Beyond offering a cup of sugar

To Marc Dunkelman, author of “The Vanishing Neighbor,” these neighborly responses to the coronavirus crisis are notable in their contrast to normal times. Most people’s acquaintances resemble a model like the rings of Saturn, with the innermost bands representing the most intimate connections and each successive loop becoming less intimate. Over the past 50 years, people have invested more time on the innermost ring of friends and family. People have also invested more time in the outermost rings with online acquaintances they don’t know personally but with whom they share common interests such as sports, hobbies, or politics.

People have largely abandoned those rings in the middle, says Mr. Dunkelman, a research fellow at Brown University’s A. Alfred Taubman Center for Public Policy and American Institutions. Those are the face-to-face rings of contacts, such as neighbors and once-popular associations such as bowling leagues, Boy Scouts, or Rotary clubs. Yet the coronavirus, striking close to home, offers up the opportunity for greater local connection.

“Could it be that in the context of this crisis, people do break through that initial barrier and say to one another, even though they’re not supposed to be accosting one another or having real intimacy, ‘Hello. You know, I live in apartment 2B. You must live above me’?” says Mr. Dunkelman.

For his part, Mr. Dunkelman maintains a listserv of nearby neighbors and they’re using it to stay in contact and assist each other. Some have gone further. In Massachusetts, Mutual Aid Medford and Somerville (MAMAS) has created a shareable, public Google document to connect those with specific skill sets to those in need. In addition to sharing links to helpful resources during the coronavirus, it organizes neighborhood pods of hyperlocal text message groups or phone trees since not everyone has access to online communication. Other areas have used the document’s guide on how to replicate it. In the U.K., the burgeoning COVID-19 Mutual Aid UK network is up to 87 groups and counting.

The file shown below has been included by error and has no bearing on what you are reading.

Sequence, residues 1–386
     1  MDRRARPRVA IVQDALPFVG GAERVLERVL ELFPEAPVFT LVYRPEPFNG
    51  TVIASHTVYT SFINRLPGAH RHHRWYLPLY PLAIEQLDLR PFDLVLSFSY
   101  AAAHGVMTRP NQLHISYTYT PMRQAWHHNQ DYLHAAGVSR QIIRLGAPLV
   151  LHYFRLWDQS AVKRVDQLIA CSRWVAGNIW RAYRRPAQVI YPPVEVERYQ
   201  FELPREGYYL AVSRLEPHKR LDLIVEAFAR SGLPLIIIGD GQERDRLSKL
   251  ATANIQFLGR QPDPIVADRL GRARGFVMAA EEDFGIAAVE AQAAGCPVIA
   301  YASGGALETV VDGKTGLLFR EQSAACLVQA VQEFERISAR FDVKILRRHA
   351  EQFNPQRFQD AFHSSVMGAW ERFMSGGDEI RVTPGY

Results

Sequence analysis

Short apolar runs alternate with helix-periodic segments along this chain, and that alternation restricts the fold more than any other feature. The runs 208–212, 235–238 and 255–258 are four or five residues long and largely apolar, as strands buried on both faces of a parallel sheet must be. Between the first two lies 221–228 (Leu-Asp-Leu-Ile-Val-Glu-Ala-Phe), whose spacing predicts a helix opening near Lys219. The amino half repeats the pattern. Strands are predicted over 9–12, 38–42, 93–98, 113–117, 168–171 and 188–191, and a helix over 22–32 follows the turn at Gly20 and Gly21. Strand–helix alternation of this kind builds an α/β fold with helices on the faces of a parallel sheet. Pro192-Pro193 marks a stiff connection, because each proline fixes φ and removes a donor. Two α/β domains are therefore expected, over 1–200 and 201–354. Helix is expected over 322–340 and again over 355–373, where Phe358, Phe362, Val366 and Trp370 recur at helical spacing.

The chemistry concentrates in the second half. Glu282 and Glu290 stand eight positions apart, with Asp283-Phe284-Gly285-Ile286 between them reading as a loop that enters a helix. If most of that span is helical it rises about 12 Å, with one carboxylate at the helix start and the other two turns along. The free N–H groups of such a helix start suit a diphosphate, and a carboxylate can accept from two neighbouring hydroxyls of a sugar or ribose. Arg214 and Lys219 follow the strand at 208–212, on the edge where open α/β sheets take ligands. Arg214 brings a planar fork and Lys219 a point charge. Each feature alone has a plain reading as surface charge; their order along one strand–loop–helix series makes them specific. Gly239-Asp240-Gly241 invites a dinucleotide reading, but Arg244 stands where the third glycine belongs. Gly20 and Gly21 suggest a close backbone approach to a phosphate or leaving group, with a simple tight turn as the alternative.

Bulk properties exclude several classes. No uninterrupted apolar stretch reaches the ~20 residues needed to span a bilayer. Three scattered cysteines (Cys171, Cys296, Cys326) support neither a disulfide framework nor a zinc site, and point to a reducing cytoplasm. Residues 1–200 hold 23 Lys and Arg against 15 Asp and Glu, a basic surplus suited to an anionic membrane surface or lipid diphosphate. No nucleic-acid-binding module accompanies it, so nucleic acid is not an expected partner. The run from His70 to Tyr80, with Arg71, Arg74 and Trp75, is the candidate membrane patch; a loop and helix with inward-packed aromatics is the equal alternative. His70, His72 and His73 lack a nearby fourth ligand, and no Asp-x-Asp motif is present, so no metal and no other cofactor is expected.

The crisis will necessarily alter the way we connect socially during the crisis. What matters most is how we interact with others, says Ms. Suttie of Greater Good, pointing to two major research papers on how emotions are contagious within social circles – including online associations.

“They found that it spreads within three degrees,” says Ms. Suttie, who recommends “trying to calm each other to the extent that we can and not raise panic because that helps all of us to be a bit calmer and to see things more clearly.”

At the Jamaica Plain cohousing neighborhood in Boston, Ms. Sanchez is going to institute more sing-a-longs. On Sunday they reconvened to sing the Bill Withers song “Lovely Day.” On Monday, they sang, “With a Little Help From My Friends” by the Beatles and danced to Gloria Gaynor’s “I Will Survive.”

The activity not only brought community members to their feet to dance in the sun, it brought many to tears.

“Neighbors have already started sharing song requests with me,” she says. “Looks like we’re going to develop a playlist for community in troubled times.”

Editor's note: As a public service, we've removed the paywall for all our coronavirus coverage. It's free.